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Recently one of my courses at Green River College was dropped due to lack of enrollment. I wasn’t happy about it but there was nothing I could do. That left me with a choice: to mourn the loss, or to appreciate that I had enjoyed the benefit for five years. I chose to appreciate what I had.
Does this apply to you? “More than 250 experiments in more than a dozen countries have demonstrated that reminding people of their mortality – activating networks about the fear of death – tends to tilt our brains to the right” (Drew Westen, “The Political Brain”).
“We hold these truths to be self-evident, that all men are created equal, that they are endowed by their Creator with certain unalienable Rights, that among these are Life, Liberty and the pursuit of Happiness….” These words make up the heart of who and what America is as a nation. But what is this pursuit of happiness? What does it mean?
After the 9/11/2001 attacks al-Qaeda became our terrorist enemy. Today it is ISIS. If the pattern continues and we are able to weaken ISIS as we have al-Qaeda, another terrorist group will rise like “whack a mole” to take its place.
The opposing visions of the Federalists and Anti-Federalists have battled and continue to battle each other since the U.S. Constitution was ratified (passed) between 1787 and 1790. These political parties have switched roles at differing times in American history.
“This refugee stance is so un-American,” wrote Karen Morris in a News Tribune letter to the editor on Nov. 12, 2015.
World War II era German theologian Paul Althaus noted, “We Lutherans see Hitler as a gift and a miracle from God.” Why did most German Lutherans follow Hitler and not pastors like Dietrich Bonheoffer?
I cringed as I watched the bloodbath claimed by ISIS in Paris in the news recently and wondered, “Why Paris?” The world was shocked by the wanton murder of at least 129 people while they ate their dinners, drove down the street and entered a soccer stadium.
Have you ever been asked “Gotcha!” questions in a public forum? This is what happened to Republican presidential candidates in the third debate recently. A few of the candidates called the moderators out on this behavior. It’s no wonder Republicans have listed “the liberal media bias” as one of their key talking points.
This is Google’s core philosophy about human beings, according to Laslo Bock, Google’s head of people operation (human relations) in his recent book, “Work Rules!”
History has a way of repeating itself, but never in exactly the same way. After Chinese President Xi Jin Ping visited the Pacific Northwest and Washington, D.C., he flew to London where he was given a lavish red carpet treatment by the British government.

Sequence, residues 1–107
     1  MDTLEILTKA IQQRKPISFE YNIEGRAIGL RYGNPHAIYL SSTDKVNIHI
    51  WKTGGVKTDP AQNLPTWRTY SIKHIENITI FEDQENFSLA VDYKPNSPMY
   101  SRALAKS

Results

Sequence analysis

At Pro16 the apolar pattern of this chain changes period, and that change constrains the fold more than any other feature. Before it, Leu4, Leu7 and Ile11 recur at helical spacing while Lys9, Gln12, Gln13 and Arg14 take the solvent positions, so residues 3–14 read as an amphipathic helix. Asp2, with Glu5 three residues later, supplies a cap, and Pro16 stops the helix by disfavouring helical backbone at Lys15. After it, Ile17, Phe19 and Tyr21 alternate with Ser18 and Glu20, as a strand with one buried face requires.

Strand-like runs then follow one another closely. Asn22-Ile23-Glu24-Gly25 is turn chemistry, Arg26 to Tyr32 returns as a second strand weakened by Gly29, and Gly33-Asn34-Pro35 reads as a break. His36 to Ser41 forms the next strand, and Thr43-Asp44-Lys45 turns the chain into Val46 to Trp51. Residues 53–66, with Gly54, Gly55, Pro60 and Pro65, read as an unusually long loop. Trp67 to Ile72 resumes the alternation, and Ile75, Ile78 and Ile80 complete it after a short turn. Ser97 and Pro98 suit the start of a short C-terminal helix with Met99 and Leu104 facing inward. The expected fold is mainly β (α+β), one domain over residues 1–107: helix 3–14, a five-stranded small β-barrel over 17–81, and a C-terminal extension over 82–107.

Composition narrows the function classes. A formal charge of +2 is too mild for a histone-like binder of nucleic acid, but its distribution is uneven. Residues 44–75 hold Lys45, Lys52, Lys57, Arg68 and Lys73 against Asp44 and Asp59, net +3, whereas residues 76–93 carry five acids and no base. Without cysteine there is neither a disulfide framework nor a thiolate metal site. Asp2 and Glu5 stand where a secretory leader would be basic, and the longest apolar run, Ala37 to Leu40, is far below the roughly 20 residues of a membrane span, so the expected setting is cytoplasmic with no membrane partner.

Freedom! What a wonderful power—or is it? I considered that paradox after speaking with one of my Chinese students from Shanghai. I had asked him what had struck him most about being in America. His answer was, "all the freedom we enjoy in this country." It was such a contrast to his country's control under "socialist capitalism".
‘Tis the season for charge and countercharge, smear for smear, for endorsing candidates through letters to the editor, for articles from pundits like me, pointing all this out. Usually, the tactics of character assassination and ethics violations are used at the state and national level, but this year’s local contests are following the higher levels of government at least in their viciousness.
There are two key assumptions about human nature that help me predict who the next U.S. presidential candidates will be. Putting these two assumptions together will help determine who the candidates will be in 2016.
Americans are having a debate over what makes someone a good leader, according to George Friedman in a recent Stratfor article entitled, “The Crisis of the Well-Crafted Candidate”. The current debate over whether business experience matters much in politics was reinforced in A Christian Science Monitor article by Pieter Grier called, “Does Carly Fiorina’s Business Experience at HP Matter?” The current pool of presidential candidates demonstrates there is change in voter attitudes about what makes a good president.
Do you know that attitudes created in the 1787-88 ratification of the Constitution are still with us today in our two major parties? Back then they were called Federalists and Anti-Federalists. Today these two perspectives are alive and well within the Republican and Democratic parties.
It caught my attention when the second Republican presidential debate took place Sept. 15 at the Reagan Presidential Library in Simi Valley, Calif. I, as part of a group of teachers, visited the library on a weekend break during the National Academy on Civics and Government in July.
Why do we need government anyway? It seems we argue about how government should be – smaller if Republican, bigger for Democrats – but we seem to ignore the greater question about the need for government in the first place. History and philosophy provide some of the answers.
Can you fill in the blanks? “We hold these Truths to be self-evident, that all Men are created ______, that they are endowed by their Creator with certain unalienable Rights, that among these are _______, ________, and the __________ of_______________.”
It is always easy to point out flaws. To prove this, just look at whatever is hot in the news media right now: the police and race, terrorism, the job rating of the president or Congress, the Republican primary process, the Iran vote – the list can be nearly endless.